A crocodile crept via a comfort retailer, strippers danced over greenback payments and shotgun-wielding police kicked down a door.

The sight of a girl twerking atop a dashing automotive appeared other-worldly absurd, nevertheless it blended in seamlessly with what gave the impression to be actual replicas of Miami’s basketball enviornment Kaseya Center and murals within the Wynwood neighbourhood.

It was this exact mixture of the inconceivable and the precise that blurred the traces between reality and fiction.

That was precisely the intention for Rockstar, the builders behind the GTA sequence, in line with Chris Livingston, senior editor at PC Gamer, a number one gaming publication.

“These [GTA games] are based on real American cities, and it’s those tiny details that really bring it to life,” Mr Livingston instructed the BBC.

“So much of what’s in the games is based on real stuff. The developers are from the UK, so it’s kind of their spin on a really exaggerated take on US culture.”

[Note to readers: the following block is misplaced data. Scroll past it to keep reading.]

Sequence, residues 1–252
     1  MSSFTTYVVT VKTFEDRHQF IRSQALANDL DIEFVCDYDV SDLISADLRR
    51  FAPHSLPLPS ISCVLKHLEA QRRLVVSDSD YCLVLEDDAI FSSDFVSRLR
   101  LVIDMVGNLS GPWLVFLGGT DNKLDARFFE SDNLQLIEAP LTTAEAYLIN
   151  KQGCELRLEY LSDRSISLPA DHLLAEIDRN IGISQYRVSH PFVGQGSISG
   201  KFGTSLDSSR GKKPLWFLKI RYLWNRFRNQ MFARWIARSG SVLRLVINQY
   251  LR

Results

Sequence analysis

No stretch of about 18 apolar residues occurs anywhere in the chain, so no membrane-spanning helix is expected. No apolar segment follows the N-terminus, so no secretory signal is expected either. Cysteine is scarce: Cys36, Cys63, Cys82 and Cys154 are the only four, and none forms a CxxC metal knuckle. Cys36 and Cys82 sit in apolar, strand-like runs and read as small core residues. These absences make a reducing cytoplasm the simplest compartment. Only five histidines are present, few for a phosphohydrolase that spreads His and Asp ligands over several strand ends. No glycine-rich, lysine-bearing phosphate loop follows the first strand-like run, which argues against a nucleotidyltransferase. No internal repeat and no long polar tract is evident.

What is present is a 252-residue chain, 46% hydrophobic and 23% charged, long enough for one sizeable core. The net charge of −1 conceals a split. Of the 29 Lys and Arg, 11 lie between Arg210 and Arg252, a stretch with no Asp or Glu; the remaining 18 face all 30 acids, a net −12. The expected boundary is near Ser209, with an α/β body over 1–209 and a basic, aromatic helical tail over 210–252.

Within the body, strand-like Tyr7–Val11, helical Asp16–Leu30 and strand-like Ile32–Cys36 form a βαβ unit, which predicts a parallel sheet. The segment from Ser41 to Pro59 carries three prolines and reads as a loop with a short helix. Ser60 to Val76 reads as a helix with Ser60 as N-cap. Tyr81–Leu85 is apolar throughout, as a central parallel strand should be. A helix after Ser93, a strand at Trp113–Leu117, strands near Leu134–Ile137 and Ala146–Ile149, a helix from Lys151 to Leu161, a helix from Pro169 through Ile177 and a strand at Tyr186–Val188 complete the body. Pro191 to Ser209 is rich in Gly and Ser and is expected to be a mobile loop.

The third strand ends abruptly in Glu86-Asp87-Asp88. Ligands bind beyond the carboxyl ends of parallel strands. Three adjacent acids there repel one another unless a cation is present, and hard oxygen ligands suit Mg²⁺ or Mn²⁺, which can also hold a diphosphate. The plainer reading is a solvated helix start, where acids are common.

A screenshot from the Grand Theft Auto 6 trailer

Rockstar: Grand Theft Auto 6

A mugshot of Jake Sullivan

Miami-Dade Corrections

Mr Livingston described what was within the GTA 6 trailer as an intentional “tongue-in-cheek satire of the worst of American culture”.

But folks on social media have been fast to level out the place scenes from the trailer truly appeared in actuality.

For occasion, the lady twerking on the automotive, the indignant previous girl holding a hammer in every hand, the tattoo-faced legal with purple hair – these have been all photos that made headlines in south Florida information.

Mr Livingston known as these moments “great fodder” for Rockstar’s builders, and mentioned it allowed them so as to add unbelievable element by mirroring “the bizarre reality of US culture, especially in Florida”.